Five Uses for AI and Data Annotation in Sports

Jan 9, 2023

The sports industry is changing quickly. New technologies are taking center stage and transforming how players and teams interact. Artificial intelligence will play a central role in this transformation. From analytics to predictions, data-driven sports is no longer a thing of the future. Athletes will be able to take their game to the next level.

AI will mean different things to different groups in sports. Coaches can plan strategies for the teams and players in more data-focused ways. Players can monitor their health and performance more precisely. Fans can gain new levels of understanding of how their favorite teams are doing. The act of performing and watching sports will become more interactive, more responsive, and maybe more fun.

How AI can be used in sports

At the end of the day, every AI system needs to transform data into actionable predictions. The use of data in sports has been growing in recent years. Data can help fans keep up with their favorite players or coaches design better plays. There is a suite of tools emerging which can make for more effective athletes.

It is not infeasible to imagine a world in which all professional sports teams have data analysts and machine learning engineers on staff. The competitive advantage of data-based strategies could mean the difference between a win or loss. Most sports teams or athletes are major businesses with strong financial backing. AI in the sports world will likely look a lot like AI in the business world. If you're not already using it, you're already late!

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Five uses for AI in sports

There are many specific use cases for artificial intelligence in sports. Generally, these can be broken down into a few different categories:

1. Player Analytics

2. Team Strategy

3. Statistics/Predictions

4. Health/Wellness

5. Spectator Experience

Player analytics pertains to team leaders (coaches, trainers) and players. Better strategies can be implemented using data about success and failure in games or matches. The data that could work as inputs there are numerous. Maybe a player does better in the first half of games. Or on days when weather conditions are better. AI-backed player analytics can identify these trends and suggest new training regimes.

Aggregating these player-specific analytics can help teams better design their strategies as well. Depending on the sport, AI can be used to simulate the potential actions of competitors. Training datasets can take previous game patterns and project them onto future conditions. Video data annotation for sports teams also means that these strategies can come from real-life recordings of previous games.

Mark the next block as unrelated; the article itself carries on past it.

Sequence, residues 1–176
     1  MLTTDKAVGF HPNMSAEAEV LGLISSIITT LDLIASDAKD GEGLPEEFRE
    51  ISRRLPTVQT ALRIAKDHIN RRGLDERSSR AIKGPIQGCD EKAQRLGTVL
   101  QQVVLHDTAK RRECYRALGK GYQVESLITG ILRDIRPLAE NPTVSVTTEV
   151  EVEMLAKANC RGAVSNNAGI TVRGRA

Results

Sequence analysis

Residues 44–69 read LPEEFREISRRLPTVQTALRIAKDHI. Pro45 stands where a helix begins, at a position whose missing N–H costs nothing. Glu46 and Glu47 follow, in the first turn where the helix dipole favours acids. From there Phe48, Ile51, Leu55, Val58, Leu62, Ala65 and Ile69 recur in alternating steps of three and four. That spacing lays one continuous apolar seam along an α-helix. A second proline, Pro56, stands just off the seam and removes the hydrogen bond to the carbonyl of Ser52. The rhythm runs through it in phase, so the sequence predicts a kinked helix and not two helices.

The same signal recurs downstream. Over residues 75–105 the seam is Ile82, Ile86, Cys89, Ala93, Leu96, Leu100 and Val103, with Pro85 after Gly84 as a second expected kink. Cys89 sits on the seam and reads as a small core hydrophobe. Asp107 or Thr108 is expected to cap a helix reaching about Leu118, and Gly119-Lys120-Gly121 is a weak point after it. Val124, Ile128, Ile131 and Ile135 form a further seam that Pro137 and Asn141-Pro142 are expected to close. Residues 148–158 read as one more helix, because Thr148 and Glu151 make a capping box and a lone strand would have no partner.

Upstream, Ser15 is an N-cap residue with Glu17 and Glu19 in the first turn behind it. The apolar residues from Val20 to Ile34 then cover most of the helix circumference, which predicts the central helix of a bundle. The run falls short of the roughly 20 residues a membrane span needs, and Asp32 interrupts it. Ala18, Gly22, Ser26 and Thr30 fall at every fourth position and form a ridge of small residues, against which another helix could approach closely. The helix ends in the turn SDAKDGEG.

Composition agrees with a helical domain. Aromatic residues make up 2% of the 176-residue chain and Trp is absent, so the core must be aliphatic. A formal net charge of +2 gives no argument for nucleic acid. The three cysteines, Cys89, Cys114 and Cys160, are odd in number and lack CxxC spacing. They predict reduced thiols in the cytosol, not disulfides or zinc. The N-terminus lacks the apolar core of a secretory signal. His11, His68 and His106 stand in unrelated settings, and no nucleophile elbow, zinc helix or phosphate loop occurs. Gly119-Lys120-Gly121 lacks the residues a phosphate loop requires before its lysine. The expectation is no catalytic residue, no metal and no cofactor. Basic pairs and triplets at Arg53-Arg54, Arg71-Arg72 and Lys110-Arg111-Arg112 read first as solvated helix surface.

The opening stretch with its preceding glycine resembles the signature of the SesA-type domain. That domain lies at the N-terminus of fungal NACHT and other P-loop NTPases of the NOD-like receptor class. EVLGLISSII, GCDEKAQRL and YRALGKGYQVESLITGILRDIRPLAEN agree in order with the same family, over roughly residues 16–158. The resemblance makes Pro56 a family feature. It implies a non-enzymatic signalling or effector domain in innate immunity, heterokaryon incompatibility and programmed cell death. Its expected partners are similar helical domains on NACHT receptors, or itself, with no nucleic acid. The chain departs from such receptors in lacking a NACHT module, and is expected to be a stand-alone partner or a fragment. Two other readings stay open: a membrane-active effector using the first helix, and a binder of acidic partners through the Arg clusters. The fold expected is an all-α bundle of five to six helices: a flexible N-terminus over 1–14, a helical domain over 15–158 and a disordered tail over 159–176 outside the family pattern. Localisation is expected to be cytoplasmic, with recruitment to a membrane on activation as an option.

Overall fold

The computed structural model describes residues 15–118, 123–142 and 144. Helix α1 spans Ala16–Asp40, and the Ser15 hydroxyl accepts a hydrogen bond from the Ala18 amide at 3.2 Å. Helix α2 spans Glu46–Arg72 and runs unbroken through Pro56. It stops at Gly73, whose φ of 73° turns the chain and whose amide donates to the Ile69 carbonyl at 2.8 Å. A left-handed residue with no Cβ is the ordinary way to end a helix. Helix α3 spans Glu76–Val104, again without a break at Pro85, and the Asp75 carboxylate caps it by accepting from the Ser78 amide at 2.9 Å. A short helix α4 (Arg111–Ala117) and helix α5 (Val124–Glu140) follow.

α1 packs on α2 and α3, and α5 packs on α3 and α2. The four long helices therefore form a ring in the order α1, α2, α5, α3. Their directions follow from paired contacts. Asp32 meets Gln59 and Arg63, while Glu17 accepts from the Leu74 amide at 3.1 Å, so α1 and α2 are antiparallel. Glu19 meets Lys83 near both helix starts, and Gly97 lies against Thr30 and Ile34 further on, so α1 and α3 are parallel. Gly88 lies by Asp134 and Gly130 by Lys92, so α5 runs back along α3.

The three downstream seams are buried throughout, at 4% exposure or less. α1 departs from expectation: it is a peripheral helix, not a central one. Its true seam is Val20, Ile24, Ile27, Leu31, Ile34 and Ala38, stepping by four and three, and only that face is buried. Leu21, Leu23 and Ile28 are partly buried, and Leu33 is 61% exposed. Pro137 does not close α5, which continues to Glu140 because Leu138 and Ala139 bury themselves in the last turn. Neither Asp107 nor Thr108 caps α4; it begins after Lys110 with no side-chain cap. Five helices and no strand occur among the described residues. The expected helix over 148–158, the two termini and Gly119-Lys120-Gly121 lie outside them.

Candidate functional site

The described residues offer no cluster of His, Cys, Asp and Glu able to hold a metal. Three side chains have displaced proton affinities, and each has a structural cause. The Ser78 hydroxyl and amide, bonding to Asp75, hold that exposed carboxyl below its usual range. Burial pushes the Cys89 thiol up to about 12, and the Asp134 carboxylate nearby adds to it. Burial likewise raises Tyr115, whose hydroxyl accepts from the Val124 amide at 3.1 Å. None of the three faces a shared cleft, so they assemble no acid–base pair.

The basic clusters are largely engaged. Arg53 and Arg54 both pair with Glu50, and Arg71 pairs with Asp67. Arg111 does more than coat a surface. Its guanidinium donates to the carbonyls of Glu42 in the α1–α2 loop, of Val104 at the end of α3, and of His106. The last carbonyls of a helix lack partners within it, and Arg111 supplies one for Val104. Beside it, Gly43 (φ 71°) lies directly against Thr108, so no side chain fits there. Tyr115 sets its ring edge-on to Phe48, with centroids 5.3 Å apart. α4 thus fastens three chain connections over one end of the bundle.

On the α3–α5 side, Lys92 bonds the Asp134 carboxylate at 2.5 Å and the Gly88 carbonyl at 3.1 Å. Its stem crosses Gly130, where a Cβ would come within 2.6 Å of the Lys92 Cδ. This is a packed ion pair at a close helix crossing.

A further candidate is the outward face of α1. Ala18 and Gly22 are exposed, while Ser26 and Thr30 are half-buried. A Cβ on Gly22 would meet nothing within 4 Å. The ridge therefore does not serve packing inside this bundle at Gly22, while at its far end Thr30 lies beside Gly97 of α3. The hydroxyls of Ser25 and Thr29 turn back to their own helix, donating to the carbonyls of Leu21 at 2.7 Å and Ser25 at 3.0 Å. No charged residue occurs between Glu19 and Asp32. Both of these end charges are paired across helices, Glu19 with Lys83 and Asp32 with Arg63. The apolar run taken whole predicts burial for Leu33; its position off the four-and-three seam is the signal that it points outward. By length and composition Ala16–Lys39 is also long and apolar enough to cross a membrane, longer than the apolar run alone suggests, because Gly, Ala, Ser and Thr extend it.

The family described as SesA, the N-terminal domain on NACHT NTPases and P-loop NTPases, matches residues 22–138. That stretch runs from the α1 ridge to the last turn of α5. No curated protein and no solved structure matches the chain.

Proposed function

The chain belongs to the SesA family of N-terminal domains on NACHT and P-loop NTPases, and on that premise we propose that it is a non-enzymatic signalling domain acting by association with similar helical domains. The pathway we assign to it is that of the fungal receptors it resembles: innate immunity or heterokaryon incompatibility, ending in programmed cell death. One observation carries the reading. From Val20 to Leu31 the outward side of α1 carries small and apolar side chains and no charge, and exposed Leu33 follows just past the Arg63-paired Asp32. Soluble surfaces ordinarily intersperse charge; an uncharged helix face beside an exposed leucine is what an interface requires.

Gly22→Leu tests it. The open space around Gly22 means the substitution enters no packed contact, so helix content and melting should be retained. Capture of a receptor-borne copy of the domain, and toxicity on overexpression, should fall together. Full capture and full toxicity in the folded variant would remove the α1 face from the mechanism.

Statistics and predictions can augment the experience of teams and players together. Sports betting is a multi-billion dollar industry that makes use of fan intuition. Although many make bets based on a gut feeling, robust AI systems could transform how it's done. This is already in use in the betting industry, with many platforms offering a huge number of stats to users. AI will provide new insights into what that data can mean.

Player health and wellness is a major focus of every modern sports team. Injured players can be costly, lower team morale, and upset fans. AI-based health solutions can help ensure that players can stay playing. With the rise of "quantified self" accessories (armbands, watches), new kinds of annotated data can be used in this. Instead of "fixing" players when they get hurt, injuries can be avoided before they ever happen.

Lastly, AI has the potential to improve the spectator experience dramatically. We've seen this in the NFL with the imaginary "line of scrimmage" that can be placed on live video footage of the field. Professional sports often come down to small, very quick actions in the game. Using AI to determine if the ball was in or if the move was legal can get viewers much more engaged.

There are other, more specific use cases for AI. Referees are already using video analysis AI systems to make better calls. Ticket pricing algorithms allow more people to fill the stadiums and teams to make more money. Media companies can use big data to find new international broadcast markets. Sports entertainment is a huge industry with a lot to gain from AI.

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What AI means for the future of sports

A world in which every sports team uses advanced AI and ML algorithms will likely look different than today. What might happen when an AI strategy goes up against another AI strategy? Will an arms race exist to see which team can make the better AI? Maybe it'll go to the one that can pay the most? Because there are so many different types of data annotation that might be used to create these algorithms, the possibilities for what they will do are almost endless.

These are all real questions that will likely become central to the world of sports in the future. And these changes are already happening. The world of sports has always been skewed in favor of whichever team or player could think most strategically. AI has opened up an entirely new playing field for how that can be done.

The future of AI in sports will also likely be healthier and safer. Predictions about hazards and potential injuries could really change how players stay healthy. Sports can also become more entertaining. Media is already one of the driving forces behind AI adoption. Interactive and compelling sports broadcasts will surely follow this.

Sports is almost certainly an area to watch as AI becomes more and more central to its processes. These teams are heavily funded businesses with typically young and savvy staffing. As a result, the sports industry might become one of the driving forces for how AI is integrated into our entertainment and our lives in the future.

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